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From the Lhasa Apaso Resource Page, An unsigned Review of 

The Lion Dog of Buddhist Asia, by Elsie Mitchell

from the Lhasa Apsa Resource site - see this review on the web with pictures of the front and back of the book.

The lion is a universal symbol of majesty. In the West, he adorns the coats of arms of monarchs; in much of Asia, he long ago became the benevolent guardian of the Buddha, who taught compassionate respect for all living beings. Though the lion of Buddha originated in India, his attributes were most highly elaborated in China, Japan, and Tibet. Combining the power of the lion and the loyalty of the dog, the Buddhist "dog-lion" was depicted in exquisite artworks: Chinese jade carvings, Japanese netsuke toggles, Tibetan thanka paintings and wool rugs. Meanwhile, small "lion-dogs" were bred in all three countries to resemble their celestial prototype.
The Lion-Dog of Buddhist Asia traces the origins of the mythical dog-lion of   Buddha and the fascinating history of flesh-and-fur lion-dogs: primarily the Shih Tzu, but also such breeds as the Pekingese of China and the Lhasa Apso of Tibet. Separate chapters elucidate the place of the "dog of Buddha" in the life, lore, and art of China, Tibet, and Japan. Finally, the Buddhist attitude toward dogs and other non-human beings is compared with that of other religions. The story of the lion-dog, ranging from the Manchu court to the tents and monasteries of the Tibetan steppes, is complemented by fifty-seven plates, forty-five in full color, of this charming being in his myriad manifestations.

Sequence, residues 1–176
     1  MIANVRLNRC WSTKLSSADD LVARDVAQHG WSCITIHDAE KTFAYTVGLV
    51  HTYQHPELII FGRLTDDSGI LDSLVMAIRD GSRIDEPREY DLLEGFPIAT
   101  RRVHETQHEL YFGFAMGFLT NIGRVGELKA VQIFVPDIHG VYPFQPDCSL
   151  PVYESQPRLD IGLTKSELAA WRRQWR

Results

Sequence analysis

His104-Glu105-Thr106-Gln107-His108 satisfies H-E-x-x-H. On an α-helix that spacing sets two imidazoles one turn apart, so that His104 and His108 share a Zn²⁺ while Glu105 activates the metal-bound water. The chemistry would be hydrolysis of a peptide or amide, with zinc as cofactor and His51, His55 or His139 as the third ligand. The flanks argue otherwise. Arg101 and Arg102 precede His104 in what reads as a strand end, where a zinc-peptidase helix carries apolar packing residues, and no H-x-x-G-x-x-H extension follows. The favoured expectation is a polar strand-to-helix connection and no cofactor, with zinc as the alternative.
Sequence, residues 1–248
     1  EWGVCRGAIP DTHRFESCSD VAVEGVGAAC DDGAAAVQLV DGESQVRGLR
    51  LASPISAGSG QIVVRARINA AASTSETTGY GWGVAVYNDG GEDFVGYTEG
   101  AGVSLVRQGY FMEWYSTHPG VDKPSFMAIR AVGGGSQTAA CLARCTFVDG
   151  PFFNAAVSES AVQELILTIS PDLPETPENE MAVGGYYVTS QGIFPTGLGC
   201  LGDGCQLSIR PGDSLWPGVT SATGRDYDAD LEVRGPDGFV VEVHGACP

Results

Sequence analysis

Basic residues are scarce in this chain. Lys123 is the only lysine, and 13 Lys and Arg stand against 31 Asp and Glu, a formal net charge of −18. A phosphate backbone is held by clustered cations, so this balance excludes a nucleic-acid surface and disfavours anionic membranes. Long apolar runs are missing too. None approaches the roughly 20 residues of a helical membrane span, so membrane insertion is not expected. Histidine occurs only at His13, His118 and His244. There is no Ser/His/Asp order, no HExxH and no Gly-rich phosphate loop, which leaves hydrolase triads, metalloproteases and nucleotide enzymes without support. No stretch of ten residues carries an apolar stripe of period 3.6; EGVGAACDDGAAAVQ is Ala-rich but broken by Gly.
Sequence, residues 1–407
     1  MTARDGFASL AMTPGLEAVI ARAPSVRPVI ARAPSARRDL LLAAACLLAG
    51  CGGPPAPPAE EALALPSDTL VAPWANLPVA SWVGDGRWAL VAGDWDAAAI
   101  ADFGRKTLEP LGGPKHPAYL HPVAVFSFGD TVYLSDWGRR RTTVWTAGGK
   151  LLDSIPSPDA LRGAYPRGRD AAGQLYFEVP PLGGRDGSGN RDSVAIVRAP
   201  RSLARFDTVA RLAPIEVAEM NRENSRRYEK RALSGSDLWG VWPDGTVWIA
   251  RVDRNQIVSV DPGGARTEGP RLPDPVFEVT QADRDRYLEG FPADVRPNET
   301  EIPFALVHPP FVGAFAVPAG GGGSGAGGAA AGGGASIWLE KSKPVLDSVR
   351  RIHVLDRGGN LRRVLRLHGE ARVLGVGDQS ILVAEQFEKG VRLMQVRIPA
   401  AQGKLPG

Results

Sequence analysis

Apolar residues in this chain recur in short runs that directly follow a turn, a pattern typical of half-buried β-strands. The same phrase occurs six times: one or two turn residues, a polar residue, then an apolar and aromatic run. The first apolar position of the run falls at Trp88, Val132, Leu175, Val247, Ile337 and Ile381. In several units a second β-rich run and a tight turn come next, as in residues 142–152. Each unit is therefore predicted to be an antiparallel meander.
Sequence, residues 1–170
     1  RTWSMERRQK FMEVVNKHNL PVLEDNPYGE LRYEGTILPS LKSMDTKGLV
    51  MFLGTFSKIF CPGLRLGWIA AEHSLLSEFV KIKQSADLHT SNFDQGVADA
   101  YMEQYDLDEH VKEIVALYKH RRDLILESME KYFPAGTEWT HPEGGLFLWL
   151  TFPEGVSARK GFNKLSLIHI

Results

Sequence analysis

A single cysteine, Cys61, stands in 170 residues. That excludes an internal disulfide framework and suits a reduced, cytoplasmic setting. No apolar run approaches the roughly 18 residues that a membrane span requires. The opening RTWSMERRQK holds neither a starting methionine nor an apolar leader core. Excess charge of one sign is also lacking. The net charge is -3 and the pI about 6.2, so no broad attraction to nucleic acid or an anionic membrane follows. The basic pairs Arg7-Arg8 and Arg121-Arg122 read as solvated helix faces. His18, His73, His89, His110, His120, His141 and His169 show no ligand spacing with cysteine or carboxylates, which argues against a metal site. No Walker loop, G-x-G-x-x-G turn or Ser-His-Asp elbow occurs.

Elsie P. Mitchell's wide learning and eclectic interests qualify her uniquely to weave together the book's themes of Buddhist teaching, Oriental art, and lion-dog lore. Born in Boston, she has traveled extensively in both Europe and Asia. She is one of the founders of the Cambridge Buddhist Association and the founder of the Ahimsa Foundation, which supports humane societies, wildlife sanctuaries, and environmental groups. She is the author of the autobiographical Sun Buddhas, Moon Buddhas: A Zen Quest and has contributed to the anthology Ways People Grow and to Studies in Comparative Religion and other journals. She is a collector of non-ivory dog-lion netsuke and is the close friend of three wise and accomplished Shih Tzu.

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